A landmark HIV vaccine trial was launched in South Africa on the eve of World AIDS Day on December 1. Scientists hope it will help eradicate the disease.
Science has been trying in vain for 30 years to find a vaccine for HIV. But for the first time since the virus was identified in 1983, there is hope that a newly developed experimental vaccine might bring the world a step closer to a breakthrough in the battle against AIDS. The clinical trials were launched on November 30 in South Africa.
The new study, known as HVTN 702, will involve more than 5,400 sexually active men and women aged 18-35 in South Africa over the course of four years. It is one of the biggest clinical AIDS trials ever undertaken and the first new human HIV vaccine study in about a decade.
Although antiretroviral medicaments have stopped AIDS from being a death sentence, experts believe that the epidemic can only be stopped with a vaccine.
The 'Holy Grail' of vaccines
Professor Linda-Gail Bekker from the University of Cape Town is the new study's co-chair. She said discovering a vaccine against HIV is very difficult. "Finding a vaccine that really works is like looking for the Holy Grail." She agrees that it is not possible to eradicate the disease completely before there is a vaccine that keeps people from getting infected. "But if we develop that vaccine, it will be a revolution in the war on the epidemic," Bekker said.
Linda-Gail Bekker, deputy director of the Desmond Tutu HIV Centre and co-chair the vaccine clinical trial
There is a reason why South Africa was chosen as the trial site. According to the United Nations AIDS agency, the country has a 19.2 percent infection rate, one of the highest in the world. More than seven million South Africans live with the virus. One thousand people are infected every day. Two thirds of those participating in the new trials are women, considered to be at highest risk.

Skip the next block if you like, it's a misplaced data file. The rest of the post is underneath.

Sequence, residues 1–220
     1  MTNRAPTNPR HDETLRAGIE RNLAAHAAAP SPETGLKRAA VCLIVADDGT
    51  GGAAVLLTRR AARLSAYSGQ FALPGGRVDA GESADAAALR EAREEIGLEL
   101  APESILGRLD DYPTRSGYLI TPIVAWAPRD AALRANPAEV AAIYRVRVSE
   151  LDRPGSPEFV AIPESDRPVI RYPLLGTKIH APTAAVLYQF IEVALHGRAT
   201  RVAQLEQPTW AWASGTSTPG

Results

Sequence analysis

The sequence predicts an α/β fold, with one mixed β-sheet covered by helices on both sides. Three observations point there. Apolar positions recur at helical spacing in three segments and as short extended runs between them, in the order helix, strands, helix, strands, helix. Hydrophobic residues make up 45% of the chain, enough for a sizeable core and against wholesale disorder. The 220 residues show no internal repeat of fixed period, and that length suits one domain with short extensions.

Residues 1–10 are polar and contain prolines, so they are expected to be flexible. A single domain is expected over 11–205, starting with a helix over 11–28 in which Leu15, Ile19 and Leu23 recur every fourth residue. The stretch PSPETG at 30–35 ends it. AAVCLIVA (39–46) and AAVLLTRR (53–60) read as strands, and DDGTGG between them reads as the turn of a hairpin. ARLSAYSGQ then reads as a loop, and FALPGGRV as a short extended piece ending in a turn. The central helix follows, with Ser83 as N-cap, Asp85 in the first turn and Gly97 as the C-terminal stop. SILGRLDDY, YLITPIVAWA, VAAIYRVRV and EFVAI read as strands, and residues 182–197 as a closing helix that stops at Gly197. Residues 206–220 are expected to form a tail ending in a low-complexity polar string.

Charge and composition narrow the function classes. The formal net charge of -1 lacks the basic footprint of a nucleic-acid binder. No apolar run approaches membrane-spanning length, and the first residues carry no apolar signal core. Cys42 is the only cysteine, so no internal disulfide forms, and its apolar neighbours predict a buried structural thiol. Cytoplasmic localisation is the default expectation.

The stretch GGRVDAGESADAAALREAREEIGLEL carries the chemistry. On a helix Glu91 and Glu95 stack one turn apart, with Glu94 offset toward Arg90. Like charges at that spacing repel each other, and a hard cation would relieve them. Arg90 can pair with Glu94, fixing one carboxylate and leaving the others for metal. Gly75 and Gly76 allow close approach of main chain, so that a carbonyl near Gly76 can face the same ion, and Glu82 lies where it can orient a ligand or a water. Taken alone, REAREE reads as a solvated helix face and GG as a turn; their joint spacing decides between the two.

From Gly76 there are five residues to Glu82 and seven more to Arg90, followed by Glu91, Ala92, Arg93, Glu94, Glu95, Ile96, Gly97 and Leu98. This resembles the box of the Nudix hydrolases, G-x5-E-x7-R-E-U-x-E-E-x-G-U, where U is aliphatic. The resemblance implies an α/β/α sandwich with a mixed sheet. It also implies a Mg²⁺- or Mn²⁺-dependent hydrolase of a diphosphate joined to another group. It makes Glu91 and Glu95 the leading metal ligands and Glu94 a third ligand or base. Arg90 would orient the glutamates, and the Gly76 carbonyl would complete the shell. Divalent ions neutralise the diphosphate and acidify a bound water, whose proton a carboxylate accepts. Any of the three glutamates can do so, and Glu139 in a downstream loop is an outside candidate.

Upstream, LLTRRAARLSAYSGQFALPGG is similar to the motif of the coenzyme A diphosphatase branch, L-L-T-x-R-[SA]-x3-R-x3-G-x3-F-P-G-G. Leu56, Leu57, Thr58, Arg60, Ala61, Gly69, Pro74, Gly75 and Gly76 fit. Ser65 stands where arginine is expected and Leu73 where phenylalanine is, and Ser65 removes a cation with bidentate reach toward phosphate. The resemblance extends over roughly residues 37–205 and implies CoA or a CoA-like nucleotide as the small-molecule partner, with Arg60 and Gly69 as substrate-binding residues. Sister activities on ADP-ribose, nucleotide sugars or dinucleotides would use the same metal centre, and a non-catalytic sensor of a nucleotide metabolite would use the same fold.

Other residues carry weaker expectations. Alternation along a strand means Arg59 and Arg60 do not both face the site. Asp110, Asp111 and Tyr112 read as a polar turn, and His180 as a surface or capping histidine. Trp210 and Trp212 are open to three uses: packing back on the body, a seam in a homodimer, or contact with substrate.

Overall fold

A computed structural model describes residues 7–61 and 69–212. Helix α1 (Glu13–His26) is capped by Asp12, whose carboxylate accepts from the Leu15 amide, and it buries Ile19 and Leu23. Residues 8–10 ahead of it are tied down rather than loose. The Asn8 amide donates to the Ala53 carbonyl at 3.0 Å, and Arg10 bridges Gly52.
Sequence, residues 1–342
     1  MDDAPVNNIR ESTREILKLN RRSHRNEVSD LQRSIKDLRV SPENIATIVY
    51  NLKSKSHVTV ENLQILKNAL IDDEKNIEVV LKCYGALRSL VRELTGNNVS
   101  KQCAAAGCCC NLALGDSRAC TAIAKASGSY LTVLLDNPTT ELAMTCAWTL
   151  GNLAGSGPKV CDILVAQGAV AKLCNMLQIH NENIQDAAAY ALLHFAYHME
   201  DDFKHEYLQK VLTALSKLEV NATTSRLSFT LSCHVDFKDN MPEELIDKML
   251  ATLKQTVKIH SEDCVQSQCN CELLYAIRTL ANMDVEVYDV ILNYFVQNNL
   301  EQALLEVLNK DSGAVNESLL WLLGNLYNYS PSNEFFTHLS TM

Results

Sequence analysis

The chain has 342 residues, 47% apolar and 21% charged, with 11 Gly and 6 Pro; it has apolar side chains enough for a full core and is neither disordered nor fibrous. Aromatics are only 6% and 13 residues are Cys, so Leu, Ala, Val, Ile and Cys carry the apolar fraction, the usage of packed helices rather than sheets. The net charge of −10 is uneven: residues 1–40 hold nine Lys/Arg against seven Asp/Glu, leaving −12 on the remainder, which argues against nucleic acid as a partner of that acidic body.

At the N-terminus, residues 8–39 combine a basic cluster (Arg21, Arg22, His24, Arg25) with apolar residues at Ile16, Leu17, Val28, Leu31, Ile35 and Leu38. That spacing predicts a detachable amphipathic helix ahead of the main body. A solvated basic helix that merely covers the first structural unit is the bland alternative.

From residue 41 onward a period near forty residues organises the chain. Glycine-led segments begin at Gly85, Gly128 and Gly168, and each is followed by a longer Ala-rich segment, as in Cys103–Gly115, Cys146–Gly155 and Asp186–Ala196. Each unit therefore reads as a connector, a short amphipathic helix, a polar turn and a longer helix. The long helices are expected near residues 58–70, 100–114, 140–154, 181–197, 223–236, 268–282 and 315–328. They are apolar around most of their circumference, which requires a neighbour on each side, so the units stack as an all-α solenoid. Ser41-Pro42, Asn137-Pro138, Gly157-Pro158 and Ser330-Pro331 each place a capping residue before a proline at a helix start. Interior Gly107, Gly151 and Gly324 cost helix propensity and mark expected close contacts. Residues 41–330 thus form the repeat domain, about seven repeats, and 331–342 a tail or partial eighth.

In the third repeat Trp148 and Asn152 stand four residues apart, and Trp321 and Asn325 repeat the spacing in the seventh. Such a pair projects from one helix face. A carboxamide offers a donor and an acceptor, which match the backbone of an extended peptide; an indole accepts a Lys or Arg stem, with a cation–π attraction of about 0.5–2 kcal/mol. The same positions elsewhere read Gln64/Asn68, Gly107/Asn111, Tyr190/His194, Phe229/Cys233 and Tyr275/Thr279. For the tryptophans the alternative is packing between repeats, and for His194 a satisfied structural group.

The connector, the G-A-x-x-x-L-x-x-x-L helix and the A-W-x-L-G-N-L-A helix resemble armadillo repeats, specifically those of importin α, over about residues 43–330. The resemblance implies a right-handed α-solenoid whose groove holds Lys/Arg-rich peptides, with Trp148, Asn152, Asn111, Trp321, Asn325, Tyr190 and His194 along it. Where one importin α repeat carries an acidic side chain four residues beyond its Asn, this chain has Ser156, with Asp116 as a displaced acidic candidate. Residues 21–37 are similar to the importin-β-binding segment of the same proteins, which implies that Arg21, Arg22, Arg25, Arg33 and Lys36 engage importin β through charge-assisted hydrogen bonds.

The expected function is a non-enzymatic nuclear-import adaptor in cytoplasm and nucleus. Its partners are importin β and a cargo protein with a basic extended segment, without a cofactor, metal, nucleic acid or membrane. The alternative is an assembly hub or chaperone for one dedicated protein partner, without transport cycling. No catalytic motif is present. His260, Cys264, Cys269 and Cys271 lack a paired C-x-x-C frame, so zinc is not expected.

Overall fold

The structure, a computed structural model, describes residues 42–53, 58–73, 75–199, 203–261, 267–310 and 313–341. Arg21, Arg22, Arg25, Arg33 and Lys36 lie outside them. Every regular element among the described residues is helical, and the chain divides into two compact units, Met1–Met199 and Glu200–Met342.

Researcher Bekker is ambivalent about the choice of South Africa to test the new vaccine: "It is a bittersweet thought, because of the huge prevalence of HIV here. That is bad. But on the positive side, the study is being done here because we can. We have the infrastructure, the experts and the participants who really want to see HIV vanquished."
Criticism of the South African trials
The safety of the "South African" vaccine has already been tested successfully over 18 months on 252 volunteers. The new study now aims to test its effectiveness as a virus-killer. The vaccine has been adapted for the HIV strain prevalent in southern Africa from one used in a trial of 16,000 people in Thailand in 2009. The latter reduced the risk of infection by 30 percent for three-and-a-half years after the first jab.
That is not enough for everybody. Lynn Morris, head of the HIV virology section at South Africa's National Institute for Communicable Disease pointed out that "the results obtained in Thailand are not good enough for a roll-out”, since the minimum bar was set at 50 percent lower risk.
Anthony Fauci, director of the US National institute for Allergies and Infectious Diseases (NIAID), which is taking part in the study, defended the criticism of the efficacy of the new vaccine: "Even a moderately effective vaccine would significantly decrease the burden of HIV disease over time in countries and populations with high rates of HIV infection."
Nevertheless, like many of her colleagues, Linda-Gail Bekker is hoping for a real breakthrough. This is important because young people in South Africa do not even discuss the subject anymore: "If we don't pay attention to the epidemic, we'll lose ground. That worries me. It is great to have new impulse in South Africa. I don't doubt that we're making progress," she said.
The new trial is being carried out by the US National Institutes of Health, the South African Medical Research Council, the Bill and Melinda Gates Foundation, Sanofi Pasteur, GlaxoSmithKline and the HIV Vaccine Trials Network. First results of the current trials are expected to be published by the end of 2020.
Jana Genth contributed to this article.